The threshold for severity used in REPPIR 2001 is that of a Radiation Emergency. This is defined as a situation in which a member of the public could receive an additional radiation dose of 5 mSv in the year following initiation. There have been difficulties interpreting this requirement as the public dose assessment depends on the individual habits assumed.

There is a general principle in radiological protection and emergency planning that any action taken by authorities should to do more good than harm. In the UK we use the Emergency Reference levels (ERLs) to decide if a countermeasure is warranted by comparing the avertable dose with the relevant ERL. We can therefore state that the imposition of a countermeasure is not necessary, indeed not appropriate, where the avertable dose is below the ERL and a detailed plan to implement a countermeasure is therefore not needed where it is not reasonably foreseeable that the threshold will be exceeded. Thus the severity threshold for requiring a plan can be based on whether or not the existence of a plan would enable the imposition of prompt countermeasures which could avert an ERL’s worth of dose that could not otherwise be averted.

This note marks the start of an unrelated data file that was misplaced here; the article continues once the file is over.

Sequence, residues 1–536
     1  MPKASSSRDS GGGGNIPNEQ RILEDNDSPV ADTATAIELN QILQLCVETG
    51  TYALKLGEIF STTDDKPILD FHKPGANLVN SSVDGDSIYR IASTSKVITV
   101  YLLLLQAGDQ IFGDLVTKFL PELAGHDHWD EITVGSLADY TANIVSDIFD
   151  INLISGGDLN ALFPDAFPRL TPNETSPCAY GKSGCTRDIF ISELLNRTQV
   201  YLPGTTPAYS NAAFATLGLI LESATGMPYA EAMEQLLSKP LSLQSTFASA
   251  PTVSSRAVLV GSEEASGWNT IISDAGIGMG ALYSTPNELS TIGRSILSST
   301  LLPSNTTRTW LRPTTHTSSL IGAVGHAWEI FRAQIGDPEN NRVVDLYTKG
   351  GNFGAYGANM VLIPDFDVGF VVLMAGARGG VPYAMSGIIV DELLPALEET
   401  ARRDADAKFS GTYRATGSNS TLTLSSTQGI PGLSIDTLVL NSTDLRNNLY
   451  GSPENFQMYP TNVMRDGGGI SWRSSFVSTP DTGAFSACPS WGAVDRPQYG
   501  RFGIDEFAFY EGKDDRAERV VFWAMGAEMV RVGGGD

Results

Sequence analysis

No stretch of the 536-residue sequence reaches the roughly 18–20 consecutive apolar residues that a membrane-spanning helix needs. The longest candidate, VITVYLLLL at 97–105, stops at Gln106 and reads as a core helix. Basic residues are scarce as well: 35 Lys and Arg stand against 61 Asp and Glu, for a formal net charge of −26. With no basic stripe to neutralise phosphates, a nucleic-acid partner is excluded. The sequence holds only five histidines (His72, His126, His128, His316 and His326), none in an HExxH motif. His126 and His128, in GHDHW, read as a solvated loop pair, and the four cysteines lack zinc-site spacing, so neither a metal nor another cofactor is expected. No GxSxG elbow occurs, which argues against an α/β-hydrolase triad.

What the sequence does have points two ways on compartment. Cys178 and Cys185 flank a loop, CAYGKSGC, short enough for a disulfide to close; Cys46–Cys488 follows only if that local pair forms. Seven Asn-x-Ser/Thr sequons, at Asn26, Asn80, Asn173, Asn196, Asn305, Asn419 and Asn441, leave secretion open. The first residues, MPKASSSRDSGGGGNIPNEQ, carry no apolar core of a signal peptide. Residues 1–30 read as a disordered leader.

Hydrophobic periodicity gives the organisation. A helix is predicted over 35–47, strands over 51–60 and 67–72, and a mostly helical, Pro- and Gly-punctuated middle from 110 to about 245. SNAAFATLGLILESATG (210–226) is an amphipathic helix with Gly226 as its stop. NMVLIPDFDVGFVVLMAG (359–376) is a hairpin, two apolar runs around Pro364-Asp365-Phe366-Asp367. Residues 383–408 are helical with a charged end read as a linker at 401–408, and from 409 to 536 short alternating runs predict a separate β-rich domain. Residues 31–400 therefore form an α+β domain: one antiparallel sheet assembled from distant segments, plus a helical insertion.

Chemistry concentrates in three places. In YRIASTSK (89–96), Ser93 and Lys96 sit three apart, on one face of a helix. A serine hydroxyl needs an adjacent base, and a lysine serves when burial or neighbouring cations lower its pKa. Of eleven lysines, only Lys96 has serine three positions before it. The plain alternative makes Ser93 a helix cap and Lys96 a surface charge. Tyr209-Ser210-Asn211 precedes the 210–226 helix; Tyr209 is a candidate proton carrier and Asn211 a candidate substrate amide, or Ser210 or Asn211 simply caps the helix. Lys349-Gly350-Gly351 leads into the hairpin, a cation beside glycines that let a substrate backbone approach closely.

Concern about faults too unlikely to appear in the DBA but more severe than the reference accidents leads to the demand for the ability to extend countermeasures beyond the detailed plan if required. However, it is realised that spend to enable this quickly becomes grossly disproportionate to the potential gain.

While the situation analysis and decision making process provided by the detailed plan can consider a wider area or longer duration fault, the question is whether or not countermeasures can be applied rapidly enough over a wider area to be effective. This would depend on the nature of the fault including the amount of activity released and the time structure of that release.

Again the question of the probability of the limiting fault to use in extendibility scenarios arises. In various safety methodology documents IAEA talks about a “screening probability level” (SPL) of probability below which there is no point analysing faults. So far as I can find IAEA fails to suggest a value. There is a claim in the literature that the US DOE suggest 1 x 10-6 for aircraft crash onto nuclear facilities. It is suggested that future UK guidance on emergency planning recommends a SPL for emergency planning (extendibility) and that this value should not be lower than 1 x 10-6 or, at a pinch, 1 x 10-7.